The 2023 summer search campaign for the plant pest skeleton weed is set to kick off across Western Australia's grain growing region.
The annual campaign involves paddock searches covering more than 800 properties across more than 400,000 hectares.
The declared weed - with its striking yellow flower and skeleton-like stems - competes with crops for nitrogen and soil moisture, impacting yields and quality.
The summer searching program is led by the Department of Primary Industries and Regional Development (DPIRD) in collaboration with seven Local Action Groups.
DPIRD project manager Martin Atwell said the program focused on known infested properties and would be complemented by additional targeted surveillance, aimed at finding new infestations that landholders may not be aware of.
"The targeted surveillance program will look to search 46,000 hectares, through a combination of ground searching and drones," Mr Atwell said.
"Landholders in targeted areas will be able to participate in surveillance but we remind all farmers to be vigilant.
"Early detection of skeleton weed provides growers with much better scope for eradication.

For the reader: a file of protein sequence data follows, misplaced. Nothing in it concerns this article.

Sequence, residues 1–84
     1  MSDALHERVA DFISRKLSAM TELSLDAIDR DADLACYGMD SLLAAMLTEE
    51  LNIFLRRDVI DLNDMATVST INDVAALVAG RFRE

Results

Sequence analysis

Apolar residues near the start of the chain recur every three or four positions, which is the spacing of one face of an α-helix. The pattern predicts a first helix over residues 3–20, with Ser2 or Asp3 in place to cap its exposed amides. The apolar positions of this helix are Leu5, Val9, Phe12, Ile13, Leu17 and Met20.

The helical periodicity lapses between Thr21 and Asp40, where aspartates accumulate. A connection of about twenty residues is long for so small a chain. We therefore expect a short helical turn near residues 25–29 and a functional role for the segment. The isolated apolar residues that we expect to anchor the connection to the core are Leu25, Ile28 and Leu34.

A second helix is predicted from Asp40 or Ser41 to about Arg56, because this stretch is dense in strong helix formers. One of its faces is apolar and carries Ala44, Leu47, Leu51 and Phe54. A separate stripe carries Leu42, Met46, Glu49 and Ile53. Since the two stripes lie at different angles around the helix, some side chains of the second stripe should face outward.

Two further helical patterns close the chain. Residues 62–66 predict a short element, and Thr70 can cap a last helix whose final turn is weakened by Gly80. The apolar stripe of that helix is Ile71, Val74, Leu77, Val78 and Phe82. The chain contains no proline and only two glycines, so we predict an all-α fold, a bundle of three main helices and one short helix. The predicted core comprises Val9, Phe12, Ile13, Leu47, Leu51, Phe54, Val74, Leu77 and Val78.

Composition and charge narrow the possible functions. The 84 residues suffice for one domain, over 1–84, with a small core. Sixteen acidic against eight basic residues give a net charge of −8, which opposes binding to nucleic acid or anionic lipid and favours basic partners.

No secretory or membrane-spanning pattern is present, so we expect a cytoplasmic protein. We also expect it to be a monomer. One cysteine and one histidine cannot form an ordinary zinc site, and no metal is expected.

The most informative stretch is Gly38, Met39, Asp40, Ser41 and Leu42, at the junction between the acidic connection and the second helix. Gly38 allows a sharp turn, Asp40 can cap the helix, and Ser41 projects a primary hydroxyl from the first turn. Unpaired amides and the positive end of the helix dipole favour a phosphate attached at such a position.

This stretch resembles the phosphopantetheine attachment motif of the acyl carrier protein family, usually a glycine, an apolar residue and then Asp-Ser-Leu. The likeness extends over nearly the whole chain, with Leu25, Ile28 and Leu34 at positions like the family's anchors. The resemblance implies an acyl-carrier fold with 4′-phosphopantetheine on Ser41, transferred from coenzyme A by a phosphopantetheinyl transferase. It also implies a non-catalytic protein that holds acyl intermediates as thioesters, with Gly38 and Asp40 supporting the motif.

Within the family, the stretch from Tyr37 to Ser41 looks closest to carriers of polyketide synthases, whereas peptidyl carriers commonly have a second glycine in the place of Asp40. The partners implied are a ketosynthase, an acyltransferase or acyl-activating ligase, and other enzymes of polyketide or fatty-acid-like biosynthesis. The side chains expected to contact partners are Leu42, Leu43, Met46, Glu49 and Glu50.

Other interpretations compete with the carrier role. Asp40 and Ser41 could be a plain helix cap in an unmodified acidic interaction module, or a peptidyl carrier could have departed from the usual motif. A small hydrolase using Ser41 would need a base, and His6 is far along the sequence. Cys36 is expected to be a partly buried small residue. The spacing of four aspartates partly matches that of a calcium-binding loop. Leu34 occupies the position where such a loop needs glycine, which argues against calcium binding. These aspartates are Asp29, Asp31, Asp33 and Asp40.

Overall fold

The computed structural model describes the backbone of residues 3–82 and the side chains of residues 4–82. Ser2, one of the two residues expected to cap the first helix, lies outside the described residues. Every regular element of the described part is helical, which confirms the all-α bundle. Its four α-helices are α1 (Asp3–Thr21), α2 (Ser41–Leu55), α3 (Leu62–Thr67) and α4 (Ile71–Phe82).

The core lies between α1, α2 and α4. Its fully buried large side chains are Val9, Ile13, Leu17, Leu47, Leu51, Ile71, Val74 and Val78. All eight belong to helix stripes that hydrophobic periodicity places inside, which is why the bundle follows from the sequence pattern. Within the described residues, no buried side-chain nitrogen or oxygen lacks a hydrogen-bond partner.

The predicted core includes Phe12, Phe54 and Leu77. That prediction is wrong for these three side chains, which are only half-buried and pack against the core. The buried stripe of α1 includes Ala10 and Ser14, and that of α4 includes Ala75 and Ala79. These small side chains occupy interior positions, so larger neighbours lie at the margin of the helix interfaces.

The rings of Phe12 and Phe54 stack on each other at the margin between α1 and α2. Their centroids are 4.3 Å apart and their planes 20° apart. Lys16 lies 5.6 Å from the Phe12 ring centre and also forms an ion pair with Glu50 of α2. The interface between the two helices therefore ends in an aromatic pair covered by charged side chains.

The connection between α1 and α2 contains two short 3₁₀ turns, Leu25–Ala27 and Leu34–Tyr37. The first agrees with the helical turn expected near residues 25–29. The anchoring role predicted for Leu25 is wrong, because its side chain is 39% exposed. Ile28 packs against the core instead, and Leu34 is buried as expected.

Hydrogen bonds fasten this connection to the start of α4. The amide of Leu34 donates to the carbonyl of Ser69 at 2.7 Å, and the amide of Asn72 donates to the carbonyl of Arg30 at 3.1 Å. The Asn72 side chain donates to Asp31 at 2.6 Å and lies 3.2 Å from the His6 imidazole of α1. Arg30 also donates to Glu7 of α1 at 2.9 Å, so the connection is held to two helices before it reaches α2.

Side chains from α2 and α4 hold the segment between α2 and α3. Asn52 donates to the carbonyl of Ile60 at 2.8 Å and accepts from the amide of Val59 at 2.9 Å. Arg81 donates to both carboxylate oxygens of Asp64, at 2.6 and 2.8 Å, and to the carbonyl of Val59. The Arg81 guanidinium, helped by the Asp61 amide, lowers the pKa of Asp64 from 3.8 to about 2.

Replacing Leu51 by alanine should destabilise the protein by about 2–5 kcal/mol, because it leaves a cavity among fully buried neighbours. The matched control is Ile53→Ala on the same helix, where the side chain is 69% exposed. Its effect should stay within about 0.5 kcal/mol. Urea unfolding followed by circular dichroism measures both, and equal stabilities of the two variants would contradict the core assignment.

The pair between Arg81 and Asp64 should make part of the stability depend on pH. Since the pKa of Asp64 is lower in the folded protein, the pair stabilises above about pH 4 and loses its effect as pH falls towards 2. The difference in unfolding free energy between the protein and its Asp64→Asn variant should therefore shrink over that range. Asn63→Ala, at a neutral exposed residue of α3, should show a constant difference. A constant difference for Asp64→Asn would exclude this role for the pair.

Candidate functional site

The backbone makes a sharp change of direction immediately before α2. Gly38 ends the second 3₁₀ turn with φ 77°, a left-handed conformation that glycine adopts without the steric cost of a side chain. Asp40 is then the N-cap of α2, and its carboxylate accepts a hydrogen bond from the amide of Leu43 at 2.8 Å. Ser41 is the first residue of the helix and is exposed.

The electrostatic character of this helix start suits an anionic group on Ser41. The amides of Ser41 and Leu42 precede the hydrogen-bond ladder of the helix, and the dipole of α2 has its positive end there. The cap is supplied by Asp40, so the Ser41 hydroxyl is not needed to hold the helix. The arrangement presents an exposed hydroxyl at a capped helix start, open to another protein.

"Harvest is a good time to be on the lookout for this weed. Skeleton weed has upright and usually leafless stems, which gives the appearance of the skeleton of a plant.
"It is most recognisable when flowering during summer and autumn, when it has distinctive bright yellow daisy flowers."
The Skeleton Weed Program's activities are funded by growers through the Grains, Seeds and Hay Industry Funding Scheme.
Initiatives include the skeleton weed management guide, which has been recently updated to give growers the latest information to manage and eradicate skeleton weed infestations on their properties.
Funds are also directed to research investments to help reduce overall skeleton weed infestations, including pollen monitoring and an ongoing initiative examining biocontrol options.
The program's work also includes projects on herbicide trials, precision mapping and historical data analysis.
For more information on the Skeleton Weed Program, including the management guide and the annual report www.agric.wa.gov.au/skeletonweed.
Any suspect skeleton weed plants should be reported to DPIRD using the MyPestGuide Reporter app or the department's Pest and Disease Information Service on (08) 9368 3080 or firstname.lastname@example.org.
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